Since bias and variance values come from the expectation over a set of trials, where the training set is brand-new generated at each trial, we need to repeat the whole model building process, which corresponds to a specific point on the target. It may happen that we get a good distribution of training data and the model overperforms (point close to the bulls-eye), while sometimes training data are such that the trained model leads to different outcomes and behaviour. The scatter plot shows how the model performs over the set of trials.

We illustrate four scenarios in a 4-chart figure:

  1. low bias/low variance in the top-left most chart
  2. low bias/high variance in the top-right most chart
  3. high bias/low variance in the bottom-left most chart
  4. high bias/high variance in the bottom-right most chart

We control the data generation process by feeding different mean and variance values to a multivariate normal distribution multivariate_normal from the Numpy random module.

# bias/variance: low-low, low-high, high-low, high-high
a, b, c = 3, 5, 7
e = c*1.2
dataMeans = [[0,0], [0,0], [2,2], [2,2]]
dataVars = [0.1, 1.5, 0.1, 1.5]
titles = ['low/low', 'low-high', 'high-low', 'high-high']
def getData(mean, var):
    data = np.random.multivariate_normal(mean, var*np.eye(2), (20,2))
    return data[:,0], data[:,1]

fig, axs = plt.subplots(2, 2, figsize=(10, 10))
for kk, ax in enumerate(axs.reshape(-1)):
    xx, yy = getData(dataMeans[kk], dataVars[kk])
    circle1 = plt.Circle((0, 0), a, color='green', alpha=0.3)
    circle2 = plt.Circle((0, 0), b, color='yellow', alpha=0.3)
    circle3 = plt.Circle((0, 0), c, color='red', alpha=0.3)
    ax.add_artist(circle3)
    ax.add_artist(circle2)
    ax.add_artist(circle1)
    ax.scatter(xx, yy, c='r', s=30)
    ax.set_title('Bias/Variance: '+titles[kk])
    ax.get_xaxis().set_ticks([])
    ax.get_yaxis().set_ticks([])
    ax.axis('off')
    ax.axis('equal')
    ax.axis([-e, e, -e, e])
plt.show()

png

If you are interested to dive in the Matplotlib graphics capabilities, please consider visiting the upcoming series about code-art in Python. Right now, we can simply summarize that we draw circles with plt.Circle, we attach them to the current axis with add_artist, we add a scatter plot for the data distribution, we get rid of axis ticks to clear it up a bit and we set equal axis.

4. Dataset generation

We generate some synthetic data using the func function, which combines a line with a sine wave, as follows:

$$ y = m\cdot x + a\cdot\sin (\pi\cdot x) + q $$

We need two other functions now:

  1. genData generates noisy data but adding some noise drawn from a random normal distribution.
  2. groundTruth generates the ground-truth data that corresponding to the cleaned function defined above.

The figure shows 50 points from the noisy data.

def func(xx):
    mm, qq, aa = 4, -1, 4
    return mm*xx + aa*np.sin(np.pi*xx) + qq

def genData(Npnts=50):
    xx = np.sort(2*np.random.rand(Npnts)-1)
    yy = func(xx) + 1*np.random.randn(Npnts) # 0.4
    return xx.reshape(-1,1), yy

def groundTruth(Npnts=50):
    xTruth = np.linspace(-1, 1, Npnts)
    yTruth = func(xTruth)
    return xTruth.reshape(-1,1), yTruth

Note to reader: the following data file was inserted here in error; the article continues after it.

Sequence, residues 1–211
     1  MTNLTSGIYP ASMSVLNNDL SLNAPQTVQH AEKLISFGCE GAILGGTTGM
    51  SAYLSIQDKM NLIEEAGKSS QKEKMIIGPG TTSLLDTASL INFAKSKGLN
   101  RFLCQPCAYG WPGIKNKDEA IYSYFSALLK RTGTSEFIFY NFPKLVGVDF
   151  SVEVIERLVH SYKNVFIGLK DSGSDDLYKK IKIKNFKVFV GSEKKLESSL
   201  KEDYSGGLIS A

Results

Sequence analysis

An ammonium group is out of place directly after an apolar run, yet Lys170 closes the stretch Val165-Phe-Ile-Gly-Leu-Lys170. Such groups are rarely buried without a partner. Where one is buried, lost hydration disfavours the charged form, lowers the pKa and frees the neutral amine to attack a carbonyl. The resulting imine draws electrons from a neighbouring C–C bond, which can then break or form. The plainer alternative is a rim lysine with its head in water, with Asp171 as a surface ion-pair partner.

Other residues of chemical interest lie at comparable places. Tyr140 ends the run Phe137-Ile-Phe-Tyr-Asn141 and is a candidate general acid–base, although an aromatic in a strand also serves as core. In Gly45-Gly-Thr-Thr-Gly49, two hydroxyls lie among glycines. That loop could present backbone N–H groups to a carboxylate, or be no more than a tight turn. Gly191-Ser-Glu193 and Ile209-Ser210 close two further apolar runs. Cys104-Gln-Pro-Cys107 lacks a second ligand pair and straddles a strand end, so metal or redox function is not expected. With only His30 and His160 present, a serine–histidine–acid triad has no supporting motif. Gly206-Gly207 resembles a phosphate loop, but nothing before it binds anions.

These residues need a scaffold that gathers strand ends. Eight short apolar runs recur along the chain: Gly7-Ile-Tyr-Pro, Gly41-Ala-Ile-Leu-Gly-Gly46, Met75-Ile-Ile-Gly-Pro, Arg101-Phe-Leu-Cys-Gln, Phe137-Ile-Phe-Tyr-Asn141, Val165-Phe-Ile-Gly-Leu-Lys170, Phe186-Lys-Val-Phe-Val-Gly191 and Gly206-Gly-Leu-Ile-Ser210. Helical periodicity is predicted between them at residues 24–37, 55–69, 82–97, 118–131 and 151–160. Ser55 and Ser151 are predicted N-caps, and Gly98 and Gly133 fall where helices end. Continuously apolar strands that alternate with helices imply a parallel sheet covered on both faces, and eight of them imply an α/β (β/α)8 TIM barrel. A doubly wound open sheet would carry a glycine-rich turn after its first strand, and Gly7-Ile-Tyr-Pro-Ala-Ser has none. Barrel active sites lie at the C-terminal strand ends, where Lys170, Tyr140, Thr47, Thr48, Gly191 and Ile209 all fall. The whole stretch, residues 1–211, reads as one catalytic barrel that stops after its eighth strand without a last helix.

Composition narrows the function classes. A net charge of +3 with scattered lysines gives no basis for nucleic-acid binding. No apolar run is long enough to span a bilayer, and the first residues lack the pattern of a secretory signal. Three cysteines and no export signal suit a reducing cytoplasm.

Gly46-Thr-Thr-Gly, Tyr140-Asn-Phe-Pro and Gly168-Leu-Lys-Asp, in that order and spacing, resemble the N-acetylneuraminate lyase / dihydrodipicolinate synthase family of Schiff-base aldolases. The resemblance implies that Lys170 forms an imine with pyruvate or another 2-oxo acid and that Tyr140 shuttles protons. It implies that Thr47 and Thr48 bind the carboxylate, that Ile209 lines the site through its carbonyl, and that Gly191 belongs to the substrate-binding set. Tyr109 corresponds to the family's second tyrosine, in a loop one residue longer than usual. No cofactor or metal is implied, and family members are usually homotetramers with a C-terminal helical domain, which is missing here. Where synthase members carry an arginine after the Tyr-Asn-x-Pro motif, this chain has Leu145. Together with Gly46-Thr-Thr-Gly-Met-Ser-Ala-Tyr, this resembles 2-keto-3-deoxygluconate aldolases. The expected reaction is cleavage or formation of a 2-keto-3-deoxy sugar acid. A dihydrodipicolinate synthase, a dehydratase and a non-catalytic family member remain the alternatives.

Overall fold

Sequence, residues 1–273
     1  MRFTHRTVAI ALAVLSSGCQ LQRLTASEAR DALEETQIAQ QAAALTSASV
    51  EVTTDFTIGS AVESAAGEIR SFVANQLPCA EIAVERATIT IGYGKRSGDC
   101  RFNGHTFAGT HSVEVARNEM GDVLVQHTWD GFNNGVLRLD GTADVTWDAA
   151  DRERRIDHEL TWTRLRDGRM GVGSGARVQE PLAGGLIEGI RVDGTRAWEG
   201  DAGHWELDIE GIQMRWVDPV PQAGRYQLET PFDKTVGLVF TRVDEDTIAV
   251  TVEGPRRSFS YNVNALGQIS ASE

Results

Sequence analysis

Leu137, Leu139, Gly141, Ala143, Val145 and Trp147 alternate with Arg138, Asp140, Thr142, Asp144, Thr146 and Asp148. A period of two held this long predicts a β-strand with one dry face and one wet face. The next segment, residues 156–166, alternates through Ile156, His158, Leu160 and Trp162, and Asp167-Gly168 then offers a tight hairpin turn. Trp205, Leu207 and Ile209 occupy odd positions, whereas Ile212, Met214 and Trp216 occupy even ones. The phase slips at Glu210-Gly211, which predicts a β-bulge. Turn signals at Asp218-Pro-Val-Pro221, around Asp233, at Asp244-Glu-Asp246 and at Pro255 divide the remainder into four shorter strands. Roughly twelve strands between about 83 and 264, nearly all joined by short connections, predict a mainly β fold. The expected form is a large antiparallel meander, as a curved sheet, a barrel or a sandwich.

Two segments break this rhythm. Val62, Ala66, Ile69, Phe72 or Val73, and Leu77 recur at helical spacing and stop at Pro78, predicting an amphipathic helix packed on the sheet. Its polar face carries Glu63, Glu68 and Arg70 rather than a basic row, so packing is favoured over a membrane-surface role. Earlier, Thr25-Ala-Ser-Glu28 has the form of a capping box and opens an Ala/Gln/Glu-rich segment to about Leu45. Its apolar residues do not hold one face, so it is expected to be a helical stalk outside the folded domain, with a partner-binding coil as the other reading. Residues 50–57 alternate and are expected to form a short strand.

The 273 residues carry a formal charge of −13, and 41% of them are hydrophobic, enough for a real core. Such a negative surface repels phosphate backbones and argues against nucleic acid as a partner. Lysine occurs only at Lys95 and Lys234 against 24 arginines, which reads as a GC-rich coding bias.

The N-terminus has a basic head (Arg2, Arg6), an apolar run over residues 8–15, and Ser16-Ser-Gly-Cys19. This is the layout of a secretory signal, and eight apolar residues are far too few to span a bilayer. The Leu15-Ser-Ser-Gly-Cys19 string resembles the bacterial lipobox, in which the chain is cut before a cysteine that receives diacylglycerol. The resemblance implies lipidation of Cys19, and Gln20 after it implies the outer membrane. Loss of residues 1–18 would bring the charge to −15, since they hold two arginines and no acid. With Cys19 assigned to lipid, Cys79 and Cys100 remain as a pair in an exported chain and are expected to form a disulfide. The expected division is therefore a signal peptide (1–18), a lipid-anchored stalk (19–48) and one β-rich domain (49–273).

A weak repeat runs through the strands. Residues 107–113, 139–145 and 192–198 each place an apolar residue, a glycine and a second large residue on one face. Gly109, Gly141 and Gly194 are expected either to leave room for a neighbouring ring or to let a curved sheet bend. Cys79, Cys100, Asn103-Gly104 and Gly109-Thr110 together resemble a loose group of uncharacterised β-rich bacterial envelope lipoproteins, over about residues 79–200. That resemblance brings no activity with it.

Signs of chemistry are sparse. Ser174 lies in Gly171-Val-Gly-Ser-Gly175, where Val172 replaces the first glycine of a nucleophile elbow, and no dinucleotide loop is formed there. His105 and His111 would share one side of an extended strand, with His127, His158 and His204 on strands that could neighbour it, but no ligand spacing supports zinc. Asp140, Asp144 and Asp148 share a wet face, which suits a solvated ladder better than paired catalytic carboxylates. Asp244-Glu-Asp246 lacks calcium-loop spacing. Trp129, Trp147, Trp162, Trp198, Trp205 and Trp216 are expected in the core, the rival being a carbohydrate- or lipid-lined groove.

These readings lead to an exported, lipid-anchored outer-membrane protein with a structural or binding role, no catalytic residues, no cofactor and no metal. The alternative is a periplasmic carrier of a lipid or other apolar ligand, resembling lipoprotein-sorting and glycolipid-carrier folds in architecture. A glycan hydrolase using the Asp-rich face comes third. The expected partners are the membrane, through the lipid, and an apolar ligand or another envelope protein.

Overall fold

xx, yy = genData()
plt.figure(figsize=(10, 5))
plt.scatter(xx, yy, alpha=0.75)
plt.xlabel("X")
plt.ylabel("Y")
plt.show()

png

5. Bias and variance of a linear model

Let’s get started! We create Nsim=150 models trained with LinearRegression over the same data-generating distribution genData().

The Numpy array estimates contains 150 arrays of 50 points. The element (i, j) stores the output for the j element of the input array xTruth with the model trained with the i-th generated dataset.

xTruth, yTruth = groundTruth()

Nsim = 150
Ys = []
for kk in range(Nsim):
    xTrain, yTrain = genData()
    lr = LinearRegression()
    lr.fit(xTrain, yTrain)
    ypred = lr.predict(xTruth)
    Ys.append(ypred)

estimates = np.array(Ys)
print('model estimates for {} simulations and for {} points'.format(*estimates.shape))
model estimates for 150 simulations and for 50 points

5.1 Bias

Let’s recall the bias definition:

$$ bias^2 = \big(E[\hat{f}(x)]-f(x)\big)^2 $$

The bias represents how much the average estimate deviates from the ground truth.

The bias is evaluated over multiple instances of the training set (Nsim=150), drawn from the same data-generating distribution. The expected outcome of the model $\hat{f}(x)$ for input x is the average of the different outcomes of the Nsim=150 functions, each trained on one instance of the Nsim=150 generated training sets. We apply the mean function over the 0-axis of the 2D estimates since it stores the model outcome for the j-th input and the i-th simulation run at row $i$ and column $j$.

yexp = np.mean(estimates, axis=0)
sqBiases = (yexp - yTruth)**2
meanSqBias = np.mean(sqBiases)
maxSqBias = np.max(sqBiases)

plt.figure()
plt.hist(sqBiases, bins=100);

png

print('The average squared bias over input range is {:.2f}'.format(meanSqBias))
print('The maximum squared bias over input range is {:.2f}'.format(maxSqBias))
The average squared bias over input range is 3.38
The maximum squared bias over input range is 14.45

5.2 Variance

The variance represents how much the estimate varies upon changing the data sample, i.e., it describes how much the model outcome varies from one training sample to another.